By David Josselyn
If you’ve been on a ten-year mission’s trip in a third-world country, you may have no idea what I’m talking about; for all the others, Marvel Studios continues to expand our understanding of what a super-hero comic book movie is. “Black Panther” was just released and is the final Marvel Cinematic Universe (MCU) film prior to their highly anticipate Avengers sequel in May. With all the hype surrounding “Avengers: Infinity War,” it’s a wonder the “Black Panther” is getting noticed at all. However, “Black Panther” breaks stereotypes and cultural divides attracting the largest audience of any comic book movie to date. So, is “Black Panther” that good or is it just different?
A Little History
Wakanda is a land-locked African country that has isolated itself off from the rest of the world. Before the dawn of man, an asteroid consisting of vibranium, a special element not found naturally on earth, crashed into Africa. Five tribes that rose up in that area went to war over the precious metal until one person ingested a heart-flower (created by the asteroid) and took on super-human abilities; the first black panther. He united four of the tribes and they isolated themselves from the world and grew in strength, prosperity, and wisdom, while fifth tribe split off and suffered under the racial prejudices of the world. Wakanda today is more technologically advance than any civilization on the planet, but remains hidden.
Prince T’Challa, played by Chadwick Boseman (“42,” “Marshall”), is about to be crowned king of Wakanda following the recent death of his father. During the ceremony, his birthright is challenged by his cousin, Erik Killmonger, played by Michael B. Jordan (“Creed,” “Friday Night Lights”), and they agree to a duel. Erik was raised in Los Angeles and personally suffered from racism. He believes that if Wakanda revealed itself and took over the world, his people could live in peace. T’Challa, per tradition, must fight without the aid of the heart-flower and has his super-powers stripped away. Erik defeats T’Challa by throwing him over a waterfall and becomes King of Wakanda. T’Challa does not die, but powerless and with the aid of his sister, Shuri, played by Letitia Wright (“The Commuter,” “Black Mirror”), and mother Ramonda, played by Angela Bassett, (“Strange Days,” “Olympus Has Fallen”), must find a way to retake his throne before the King destroys the nations of the world.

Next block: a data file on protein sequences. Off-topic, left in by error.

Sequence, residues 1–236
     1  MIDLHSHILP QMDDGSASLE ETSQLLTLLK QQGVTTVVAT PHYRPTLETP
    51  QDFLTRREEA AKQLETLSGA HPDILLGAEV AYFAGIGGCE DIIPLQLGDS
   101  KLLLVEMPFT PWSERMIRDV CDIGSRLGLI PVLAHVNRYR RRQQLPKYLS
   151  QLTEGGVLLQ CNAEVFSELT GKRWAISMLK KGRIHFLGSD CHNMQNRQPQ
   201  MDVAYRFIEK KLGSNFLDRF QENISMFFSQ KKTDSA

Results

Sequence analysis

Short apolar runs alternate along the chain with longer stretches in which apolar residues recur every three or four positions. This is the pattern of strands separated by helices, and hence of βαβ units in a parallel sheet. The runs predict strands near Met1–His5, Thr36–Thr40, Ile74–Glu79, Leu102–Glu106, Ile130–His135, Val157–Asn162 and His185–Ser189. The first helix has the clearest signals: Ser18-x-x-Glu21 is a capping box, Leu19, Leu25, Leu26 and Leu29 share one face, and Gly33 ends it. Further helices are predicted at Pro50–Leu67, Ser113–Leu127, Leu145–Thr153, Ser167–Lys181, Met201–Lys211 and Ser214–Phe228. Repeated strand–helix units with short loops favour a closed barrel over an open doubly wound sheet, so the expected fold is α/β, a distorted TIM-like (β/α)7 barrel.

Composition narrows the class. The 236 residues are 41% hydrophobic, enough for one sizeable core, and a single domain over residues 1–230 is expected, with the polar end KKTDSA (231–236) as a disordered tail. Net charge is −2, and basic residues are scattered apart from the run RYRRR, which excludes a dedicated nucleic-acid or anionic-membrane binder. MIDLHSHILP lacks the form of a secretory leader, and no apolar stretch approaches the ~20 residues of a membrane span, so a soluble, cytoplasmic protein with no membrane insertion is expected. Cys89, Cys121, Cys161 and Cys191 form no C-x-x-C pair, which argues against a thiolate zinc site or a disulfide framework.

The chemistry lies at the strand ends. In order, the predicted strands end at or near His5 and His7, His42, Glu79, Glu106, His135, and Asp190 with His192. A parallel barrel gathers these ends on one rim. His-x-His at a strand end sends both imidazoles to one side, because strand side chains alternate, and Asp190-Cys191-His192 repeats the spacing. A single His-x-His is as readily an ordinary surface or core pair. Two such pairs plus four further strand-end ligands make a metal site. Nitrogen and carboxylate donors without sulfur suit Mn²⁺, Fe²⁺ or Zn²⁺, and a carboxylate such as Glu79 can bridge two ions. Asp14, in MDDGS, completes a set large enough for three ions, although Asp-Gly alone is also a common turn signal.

Cultural History. There are multiple references to the dark history of blacks in the world which forms Erik’s motivation for world dominance. This is something T’Challa struggles with since Wakanda shielded themselves from the pain and refused to intervene when they could have made a difference. The history of our world is not pretty and while most movies never acknowledge it, “Black Panther” does not shy away.
Equivalence. Wakanda is a beautiful “what-if” example of a different history for Africa. It brings African culture into a futuristic setting if they had been a dominant world power instead of Europe. Envisioning this future shouts the message that we are all equal, we are all the same, we are all human. America’s worldview is seen from the dominant white conquerors, but it could have been flipped had the blacks of Africa experienced their own renaissance and catapulted ahead of other cultures. Just because white Europeans have dominance, does not make them superior.